January 7, 2012

Ayla's father talks about her broken arm

'I came up the stairs and slipped. It happened so fast, I don’t know exactly how I fell on her, but I fell on her,' says Justin DiPietro

By Ben McCanna bmccanna@centralmaine.com
Staff Writer

WATERVILLE -- Justin DiPietro said he wants to end widespread speculation about his daughter's broken arm by talking publicly about the incident.

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Ayla Reynolds was reported missing from her Violette Avenue home on Dec. 17. She was last seen wearing green one-piece pajamas with the words “Daddy’s Princess” printed on them. A $30,000 reward has been offered for information that leads investigators to Ayla. Waterville police ask that anyone with
information about Ayla call 207-680-4700.

"I know there's value in explaining it," he said. "But to me, I know what the truth is, and it's unbelievable for people to make the accusations that they've made."

DiPietro's daughter, 21-month-old Ayla Reynolds, was reported missing Dec. 17. She was last seen wearing green one-piece pajamas and a soft splint on her left arm.

Waterville Deputy Police Chief Charles Rumsey said police conducted extensive interviews on the day of Ayla's disappearance and believe there is nothing suspicious about the broken arm.

"That was completely accidental," DiPietro said of Ayla's injury. "I would never harm my daughter."

DiPietro, 24, said the accident occurred on a rainy night in November, but he's unsure of the exact date.

DiPietro had just returned from the grocery store with Ayla. He went into his mother's home on Violette Avenue with bags of groceries in one arm and Ayla in the other.

"I was carrying her," he recalled during a Thursday interview with the Morning Sentinel. "Usually I let her walk, but it was raining out that night and it was dark."

DiPietro said he walked in the side door at 29 Violette Ave. and up a short set of stairs leading into the kitchen.

"I came up the stairs and slipped. It happened so fast, I don't know exactly how I fell on her, but I fell on her," he said. "It's burned into my brain."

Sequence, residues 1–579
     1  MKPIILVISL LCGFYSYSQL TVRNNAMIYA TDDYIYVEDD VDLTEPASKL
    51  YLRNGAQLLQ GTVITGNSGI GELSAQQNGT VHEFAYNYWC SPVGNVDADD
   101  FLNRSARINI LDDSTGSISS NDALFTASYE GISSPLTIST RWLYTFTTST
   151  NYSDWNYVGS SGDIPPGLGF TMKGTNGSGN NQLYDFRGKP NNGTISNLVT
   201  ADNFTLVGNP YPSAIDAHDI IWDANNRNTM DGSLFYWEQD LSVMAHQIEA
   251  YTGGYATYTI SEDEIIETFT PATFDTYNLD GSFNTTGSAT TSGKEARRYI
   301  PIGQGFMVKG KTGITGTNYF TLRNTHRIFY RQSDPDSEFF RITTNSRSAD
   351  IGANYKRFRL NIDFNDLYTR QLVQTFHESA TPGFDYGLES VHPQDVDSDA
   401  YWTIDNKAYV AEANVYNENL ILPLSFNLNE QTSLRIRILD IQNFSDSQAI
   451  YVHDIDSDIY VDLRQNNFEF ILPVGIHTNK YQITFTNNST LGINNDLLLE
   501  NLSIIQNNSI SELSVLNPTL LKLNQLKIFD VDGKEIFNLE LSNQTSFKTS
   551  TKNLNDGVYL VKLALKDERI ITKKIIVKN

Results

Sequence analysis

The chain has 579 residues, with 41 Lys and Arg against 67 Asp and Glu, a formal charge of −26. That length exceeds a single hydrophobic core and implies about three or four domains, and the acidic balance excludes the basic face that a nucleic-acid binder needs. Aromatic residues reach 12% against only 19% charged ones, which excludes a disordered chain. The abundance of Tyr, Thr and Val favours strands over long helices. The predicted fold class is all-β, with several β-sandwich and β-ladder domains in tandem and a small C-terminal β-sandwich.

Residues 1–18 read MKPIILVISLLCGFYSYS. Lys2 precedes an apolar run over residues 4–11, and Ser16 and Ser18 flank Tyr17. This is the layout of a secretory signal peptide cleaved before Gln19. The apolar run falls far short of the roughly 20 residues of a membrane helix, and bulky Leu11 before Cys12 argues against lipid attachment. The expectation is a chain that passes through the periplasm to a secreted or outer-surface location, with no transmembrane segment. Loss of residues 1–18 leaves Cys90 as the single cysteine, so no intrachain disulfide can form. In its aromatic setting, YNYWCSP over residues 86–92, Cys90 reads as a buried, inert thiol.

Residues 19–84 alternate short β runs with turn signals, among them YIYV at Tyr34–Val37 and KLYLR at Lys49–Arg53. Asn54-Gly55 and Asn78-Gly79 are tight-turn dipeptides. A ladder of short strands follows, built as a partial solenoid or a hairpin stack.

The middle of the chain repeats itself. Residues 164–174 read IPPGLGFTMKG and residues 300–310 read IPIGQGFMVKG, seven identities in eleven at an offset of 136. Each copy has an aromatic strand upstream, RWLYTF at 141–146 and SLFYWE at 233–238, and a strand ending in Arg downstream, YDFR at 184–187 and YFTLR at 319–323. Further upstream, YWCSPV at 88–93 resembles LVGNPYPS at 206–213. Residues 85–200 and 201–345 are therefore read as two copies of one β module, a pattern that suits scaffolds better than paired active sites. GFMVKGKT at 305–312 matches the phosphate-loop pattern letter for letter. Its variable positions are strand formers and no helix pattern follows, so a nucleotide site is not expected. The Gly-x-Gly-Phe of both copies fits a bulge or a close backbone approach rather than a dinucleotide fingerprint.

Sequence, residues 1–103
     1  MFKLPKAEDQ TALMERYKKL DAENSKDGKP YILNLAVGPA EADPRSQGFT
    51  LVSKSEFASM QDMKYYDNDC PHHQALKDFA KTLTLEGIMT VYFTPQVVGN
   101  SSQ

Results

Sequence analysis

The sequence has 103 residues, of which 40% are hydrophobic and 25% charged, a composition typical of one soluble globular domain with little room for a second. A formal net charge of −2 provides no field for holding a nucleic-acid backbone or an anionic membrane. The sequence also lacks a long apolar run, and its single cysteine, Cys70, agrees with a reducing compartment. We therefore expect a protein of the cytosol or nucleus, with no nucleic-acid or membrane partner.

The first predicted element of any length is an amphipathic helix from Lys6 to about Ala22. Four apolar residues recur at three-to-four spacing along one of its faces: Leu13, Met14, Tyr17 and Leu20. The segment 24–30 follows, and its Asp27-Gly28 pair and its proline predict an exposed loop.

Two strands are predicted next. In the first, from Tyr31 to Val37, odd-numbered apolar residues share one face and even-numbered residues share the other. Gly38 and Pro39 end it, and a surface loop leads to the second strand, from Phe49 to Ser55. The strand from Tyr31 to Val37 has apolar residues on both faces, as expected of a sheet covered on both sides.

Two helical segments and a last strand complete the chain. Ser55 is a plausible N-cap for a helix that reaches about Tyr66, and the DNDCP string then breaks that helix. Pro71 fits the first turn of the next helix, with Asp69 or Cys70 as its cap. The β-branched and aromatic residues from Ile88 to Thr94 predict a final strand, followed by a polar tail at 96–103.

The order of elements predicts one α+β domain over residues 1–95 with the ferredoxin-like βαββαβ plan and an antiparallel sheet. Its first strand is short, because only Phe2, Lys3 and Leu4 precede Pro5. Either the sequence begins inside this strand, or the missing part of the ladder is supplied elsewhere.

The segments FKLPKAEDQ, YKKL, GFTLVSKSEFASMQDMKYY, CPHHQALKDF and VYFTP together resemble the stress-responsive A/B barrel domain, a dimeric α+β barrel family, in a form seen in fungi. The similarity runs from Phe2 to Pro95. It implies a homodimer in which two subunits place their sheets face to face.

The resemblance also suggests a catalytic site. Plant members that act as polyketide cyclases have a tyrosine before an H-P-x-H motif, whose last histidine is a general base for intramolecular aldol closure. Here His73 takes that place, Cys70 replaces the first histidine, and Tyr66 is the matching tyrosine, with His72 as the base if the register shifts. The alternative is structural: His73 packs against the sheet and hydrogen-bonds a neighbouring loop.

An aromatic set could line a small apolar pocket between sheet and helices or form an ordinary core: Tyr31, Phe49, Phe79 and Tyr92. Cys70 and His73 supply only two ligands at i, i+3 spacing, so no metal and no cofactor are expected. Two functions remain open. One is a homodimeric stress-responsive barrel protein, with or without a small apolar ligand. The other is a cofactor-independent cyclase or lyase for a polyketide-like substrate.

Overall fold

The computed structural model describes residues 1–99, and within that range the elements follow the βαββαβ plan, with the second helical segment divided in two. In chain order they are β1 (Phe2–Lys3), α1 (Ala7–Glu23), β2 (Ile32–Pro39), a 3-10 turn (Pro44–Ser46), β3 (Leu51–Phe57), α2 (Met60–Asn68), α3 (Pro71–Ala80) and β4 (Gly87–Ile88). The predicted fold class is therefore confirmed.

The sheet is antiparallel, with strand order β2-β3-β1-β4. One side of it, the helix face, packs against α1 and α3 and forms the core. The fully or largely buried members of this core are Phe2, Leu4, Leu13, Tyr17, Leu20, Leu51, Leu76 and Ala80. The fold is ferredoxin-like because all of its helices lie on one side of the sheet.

His mother, Phoebe DiPietro, 47, was in the next room.

"I was sitting in the living room with my daughter, and we heard a big thump," she recalled Thursday. "I immediately went to the kitchen and Ayla was scared, obviously. I picked her up."

Phoebe DiPietro said Justin's wrist was injured in the fall, but Ayla appeared to be OK.

"I was more worried about (Justin's) wrist, because he's broken it into 39 pieces (in a snowboard accident)," she said.

Everything seemed normal afterward, they said. The family sat down for a lasagna dinner, then put Ayla into pajamas for the night.

"We hung out for a little while after," Justin DiPietro said. "She was a little fussy here and there, but if you'd seen her, you wouldn't have known anything was wrong with her."

The next day, DiPietro left to attend a commercial driver's license course at Lawrence Adult Education in Fairfield. Before he left the driveway, however, Phoebe DiPietro called him back in into the house.

"When I came in, she showed me Ayla's hand and it was swollen," he said.

Ayla wasn't crying, Phoebe DiPietro said. So, the family weighed a decision.

"It was my last class," Justin DiPietro said. "I paid a fairly good amount of money for that."

DiPietro considered skipping class, but his mother advised against it.

"I was, like, 'We have to bring her to the emergency room,' and she said, 'Well, she's fine right now.'"

Phoebe DiPietro said the injury appeared to be a bad bruise, but nothing serious. During the day, however, Phoebe DiPietro noticed the full extent of Ayla's swelling after looking under the toddler's sleeve.

Justin DiPietro said he left class early because he was concerned about Ayla.

"When I got home, we went to the emergency room," he said.

DiPietro said the ER staff originally thought Ayla had a deep-tissue bruise.

"I said, 'Can we still do X-rays?' And they said, 'We're still going to,'" he recalled.

A doctor told DiPietro that Ayla's forearm was broken, it might require surgery and Ayla would need to see a specialist.

(Continued on page 2)

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